14 December 2006

Some Quotes from "Yes Minister"

"'The matter is under consideration' means we have lost the file. 'The matter is under active consideration' means we are trying to find the file."

"Foreign Office Honours: CMG - 'Call Me God'. KCMG - 'Kindly Call Me God'. GCMG - 'God Calls Me God'."

"It is only totalitarian governments that suppress facts. In this country we simply take a democratic decision not to publish them."

"The first rule of politics: never believe anything until it's been officially denied."

"Things don't happen just because Prime Ministers are keen on them. Neville Chamberlain was keen on peace."

"Politician's logic: We must do something. This is something. Therefore we must do it."

"It was a good idea to partition countries like India and Cyprus and Palestine and Ireland as a part of their independence. It keeps them busy fighting each other so we don't have to have a policy about them."

"The Foreign Office is a hotbed of cold feet."

"Government is not a team. It is a loose confederation of warring tribes."

11 December 2006

20 November 2006

Top Cat

I've been a fan of the wood engravings of Anatoly Kalashnikov (no relation, as far as I know) for several years, and have what seems to be the only collection of his bookplates in print, containing several hundred powerful modernist designs. I keep an eye out on eBay for them, and there aren't more than a few a year. I just got one there for what still seems a steal, especially as it's more than usually bonkers, and both cats and vodka are a few of my favourite things.

Here kitty kitty kitty...

Mod out and off to the picture framers.

14 November 2006

Tramline 3 Smells of Pee

And other complaints from the Helsinki Complaints Choir...

13 November 2006


That's, like, a totally rockin' tshirt you've got on...

And just in time for the Tenacious D film, too.

Powerstanced Mod out.

09 November 2006

The Time is Right for Dancing in the Street

"The Republican beast is fuckin' dead! Twelve years of that rampaging Republican fuckin' elephant-beast finally brought to its knees. Yes! You're dead, you fucker! You fuck! You fuck, you're dead! Dead! Dead! Dead! We hate you! Hate you! Now do you know it? Now do you feel it? Feel the fuckin' hate. Feel it. Call off your dogs. Call your little Vietnamese pot-bellied Rush Limbaugh back to your fold, you demon fuck! Bring Pat Buchanan back! Call him back, you lost! Finally...the Republican beast-elephant brought to its fuckin' knees. 'Cause I feel like me and my friends and all the artists in the fuckin' country were like little pygmy tribes shootin' darts at that elephant for twelve years, and finally [elephant trumpeting, then crashing noise]. Do our little pygmy dance: [singing] Na na na na na na na! Na na na na na na na! Na na na! Yes!"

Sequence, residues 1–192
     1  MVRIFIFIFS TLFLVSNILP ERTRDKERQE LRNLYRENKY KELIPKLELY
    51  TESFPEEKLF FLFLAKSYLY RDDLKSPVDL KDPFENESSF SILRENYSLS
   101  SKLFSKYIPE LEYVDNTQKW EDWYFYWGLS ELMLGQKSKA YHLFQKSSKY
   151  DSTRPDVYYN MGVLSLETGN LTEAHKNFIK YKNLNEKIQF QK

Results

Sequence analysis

- Bill Hicks, 1993.

What he said.

02 November 2006

Back to my Future

I've just discovered that 2000AD have all their covers scanned in. The one above is my all time favourite, from the beginning of the second "Bad Company" story. It was on the wall by my bed until I was about 22. (This one is my second favourite).

A few years ago I sold the four Bad Company graphic novels on ebay, and of course re-read them before doing so. It's an astonishing piece of work, drawing on many Vietnam movies as well as Conrad (and so of course Apocalypse Now), and a lot more complex that people would imagine. I found it too violent and slightly sick at 31, when I was 14 it was simply cool. Go figure.

Looking back at 2000AD, it was way more than a bunch of aliens or futuristic cops speaking in bubbles. The first time I read "The Hollow Men" by T.S. Eliot I realised that a picture I'd cut out and had had on my wall for about 2 years featured a quote from it (from a strip called "Shadows" where a privileged woman loses her identity chip and thus her access to everything from hospitals and banks to her apartment building, all because the machines don't know who she is. Not so far-fetched these days...).